Visa's report makes a case for outsmarting payment fraud with AI now

Visa’s report makes a case for outsmarting payment fraud with AI now

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Payment fraud soared to record levels in early 2023, and in response, e-commerce, retailing, and mass merchants rely more on AI-based fraud prevention systems to outsmart attackers. 

Visa’s Biannual Threats Report published today found that nearly 460 ransomware attacks worldwide happened in March 2023 alone, a staggering 91% increase over February, and 62% higher compared to the same period in the previous year.

 Visa’s research team also found that fraudsters stole over $1.3 billion in cryptocurrency in early 2022 alone by exploiting vulnerabilities in smart contracts. Enumeration attacks jumped 40% in recent months, and 58% of fraud investigations involved online merchants. Brick-and-mortar retailers accounted for just 20%, proving that e-commerce remains a high-priority target.

With e-commerce and online retail transactions setting new revenue records year-over-year, ransomware and payment fraud attackers are developing entirely new AI-based techniques to defraud merchants, consumers, and suppliers using a combination of social engineering, phishing, and identity-driven attacks to take control of accounts.


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Attackers using weaponized AI to breach payment ecosystems  

Visa observed that attacks are becoming increasingly lethal and undetectable due to attackers fine-tuning payment fraud strategies through generative AI tools. FraudGPT is an example of the latest generation of attack tools being sold on the dark web. 

VentureBeat has learned that gaming firms see increases in Account Takeover (ATO) attacks proliferating across e-commerce today, driven by advanced AI attack strategies. Businesses that rely on real-time approvals of small transaction amounts to keep customers engaged are often targets. Transactions must be approved instantly and at scale for a game to succeed financially. Fortunately, AI-based fraud systems can analyze a transaction in less than a second, considering the many data points from other current and past transactions to see if it is real or fraudulent.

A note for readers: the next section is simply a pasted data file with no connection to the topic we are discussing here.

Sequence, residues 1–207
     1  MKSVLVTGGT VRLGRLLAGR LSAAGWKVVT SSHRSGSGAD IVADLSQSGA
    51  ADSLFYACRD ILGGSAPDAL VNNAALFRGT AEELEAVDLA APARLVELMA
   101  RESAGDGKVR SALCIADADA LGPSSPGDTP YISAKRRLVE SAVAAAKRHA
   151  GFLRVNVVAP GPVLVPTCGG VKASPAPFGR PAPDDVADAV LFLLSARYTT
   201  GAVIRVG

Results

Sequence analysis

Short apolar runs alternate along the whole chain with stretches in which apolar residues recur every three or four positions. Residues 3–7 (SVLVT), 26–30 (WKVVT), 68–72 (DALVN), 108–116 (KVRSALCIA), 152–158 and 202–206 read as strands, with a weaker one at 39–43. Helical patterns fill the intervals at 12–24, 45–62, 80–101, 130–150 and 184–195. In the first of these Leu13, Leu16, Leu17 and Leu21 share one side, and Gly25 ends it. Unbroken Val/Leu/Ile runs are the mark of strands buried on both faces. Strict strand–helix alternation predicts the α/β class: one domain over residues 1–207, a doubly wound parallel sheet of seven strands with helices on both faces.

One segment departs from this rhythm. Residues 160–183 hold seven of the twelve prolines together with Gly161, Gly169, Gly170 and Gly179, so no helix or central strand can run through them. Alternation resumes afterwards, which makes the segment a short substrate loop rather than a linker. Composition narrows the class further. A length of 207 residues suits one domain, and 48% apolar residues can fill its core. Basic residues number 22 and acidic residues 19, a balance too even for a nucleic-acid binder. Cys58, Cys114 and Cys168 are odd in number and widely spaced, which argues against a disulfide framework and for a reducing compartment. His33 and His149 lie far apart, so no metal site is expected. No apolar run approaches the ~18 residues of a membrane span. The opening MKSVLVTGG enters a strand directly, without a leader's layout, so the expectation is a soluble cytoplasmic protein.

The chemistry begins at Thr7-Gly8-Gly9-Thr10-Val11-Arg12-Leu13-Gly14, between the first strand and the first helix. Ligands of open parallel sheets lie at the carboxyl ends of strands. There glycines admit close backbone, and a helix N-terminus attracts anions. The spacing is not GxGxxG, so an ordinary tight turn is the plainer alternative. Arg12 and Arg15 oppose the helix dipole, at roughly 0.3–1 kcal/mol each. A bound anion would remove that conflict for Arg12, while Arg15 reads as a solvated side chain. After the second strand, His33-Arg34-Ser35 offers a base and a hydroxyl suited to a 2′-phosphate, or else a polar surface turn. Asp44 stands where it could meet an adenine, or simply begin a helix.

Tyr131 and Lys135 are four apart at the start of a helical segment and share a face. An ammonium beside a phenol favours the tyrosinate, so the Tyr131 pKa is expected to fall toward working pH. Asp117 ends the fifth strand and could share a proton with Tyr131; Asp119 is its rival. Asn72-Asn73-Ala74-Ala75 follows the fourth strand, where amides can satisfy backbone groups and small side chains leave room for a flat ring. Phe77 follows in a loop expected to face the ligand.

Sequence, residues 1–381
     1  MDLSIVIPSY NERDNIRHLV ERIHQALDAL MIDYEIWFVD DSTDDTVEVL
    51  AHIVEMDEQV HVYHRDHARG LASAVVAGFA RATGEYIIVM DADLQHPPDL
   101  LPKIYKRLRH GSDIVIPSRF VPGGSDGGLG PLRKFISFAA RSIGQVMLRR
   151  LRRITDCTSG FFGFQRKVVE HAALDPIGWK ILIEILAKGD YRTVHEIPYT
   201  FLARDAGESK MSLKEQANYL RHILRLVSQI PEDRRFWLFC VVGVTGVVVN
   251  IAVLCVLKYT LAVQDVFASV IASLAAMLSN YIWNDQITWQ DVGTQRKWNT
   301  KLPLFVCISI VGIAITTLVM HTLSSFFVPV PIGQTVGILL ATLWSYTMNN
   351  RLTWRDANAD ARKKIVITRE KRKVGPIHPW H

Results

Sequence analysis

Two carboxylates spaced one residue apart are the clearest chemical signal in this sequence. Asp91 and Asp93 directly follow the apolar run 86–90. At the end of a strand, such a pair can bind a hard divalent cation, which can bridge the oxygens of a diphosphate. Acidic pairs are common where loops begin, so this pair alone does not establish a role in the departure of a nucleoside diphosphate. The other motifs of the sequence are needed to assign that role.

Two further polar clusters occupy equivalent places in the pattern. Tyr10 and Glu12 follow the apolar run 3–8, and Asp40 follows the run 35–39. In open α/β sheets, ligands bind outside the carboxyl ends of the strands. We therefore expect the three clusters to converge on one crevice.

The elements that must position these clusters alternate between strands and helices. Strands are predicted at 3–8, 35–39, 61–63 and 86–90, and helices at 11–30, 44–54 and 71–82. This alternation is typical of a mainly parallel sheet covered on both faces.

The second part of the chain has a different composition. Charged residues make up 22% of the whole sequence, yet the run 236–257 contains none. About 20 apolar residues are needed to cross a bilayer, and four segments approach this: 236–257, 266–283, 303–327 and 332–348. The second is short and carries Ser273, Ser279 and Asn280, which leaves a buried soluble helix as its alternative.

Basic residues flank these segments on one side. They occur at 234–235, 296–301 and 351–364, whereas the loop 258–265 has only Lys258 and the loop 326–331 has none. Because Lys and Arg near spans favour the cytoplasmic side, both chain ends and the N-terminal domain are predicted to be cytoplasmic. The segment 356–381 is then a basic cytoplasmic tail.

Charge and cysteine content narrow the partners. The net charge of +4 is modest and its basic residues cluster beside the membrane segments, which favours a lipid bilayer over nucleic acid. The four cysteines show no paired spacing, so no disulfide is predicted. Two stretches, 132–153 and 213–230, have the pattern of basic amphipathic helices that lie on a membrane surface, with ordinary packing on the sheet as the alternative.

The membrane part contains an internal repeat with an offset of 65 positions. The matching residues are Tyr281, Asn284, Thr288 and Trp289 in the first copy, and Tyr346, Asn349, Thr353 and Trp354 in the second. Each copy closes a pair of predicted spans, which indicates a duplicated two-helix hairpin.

“While we are pleased by the lower-than-expected fraud rate over the last few months, this edition of the Biannual Threats Report continues to underscore just how savvy fraudsters continue to be,” said Paul Fabara, Chief Risk Officer at Visa. “The same way criminals take advantage of technology advances, so does Visa, and the $30 billion of fraud prevented in the last six months alone is a great testament to that.”

Visa’s AI-driven deterrence strategy is paying off 

One of the fascinating findings from the report is how Visa is using a series of AI-based tools and techniques to battle payment fraud across sectors worldwide. Its  24/7 Risk Operations Center relies on a continual stream of real-time telemetry data to provide transaction monitoring and threat analysis to their clients globally. The center responded to nearly 2,000 fraud incidents, blocking over 53 million presumed fraudulent transactions worth $32 billion in six months. 

Visa has extensive experience and has made significant investments in AI to reduce fraud. In April 2022, Paul Fabara, Chief Risk Officer for Visa, wrote,In the past five years, the company has spent over $9 billion to boost cybersecurity and reduce fraud. With an investment of $500 million in artificial intelligence and data infrastructure, for example, Visa can power over 60 different AI capabilities to automate much of the heavy lifting in fraud detection — a time-consuming task that many clients do manually today.”

Staying ahead of the threats with AI

As digital commerce expands exponentially, payment fraud continues to escalate rapidly. From rogue attackers to Advanced Persistent Threat (APT) groups, all unleash increasingly sophisticated, AI-powered attacks that exploit vulnerabilities across global payment ecosystems. Visa’s latest Biannual Threats Report shows that with the right strategy, every business can stay ahead of the threats and rely on AI to outsmart attackers. 

E-commerce, retailers, and mass merchants can’t afford to lose the AI war to attackers. With weaponized AI on the rise and attackers fine-tuning their tradecraft, payment providers must double down on AI investments to protect their payment ecopsystems against attacks. Visa’s report provides a 360-degree view of the landscape and guides those companies looking to build an AI-driven roadmap to counter these threats.   

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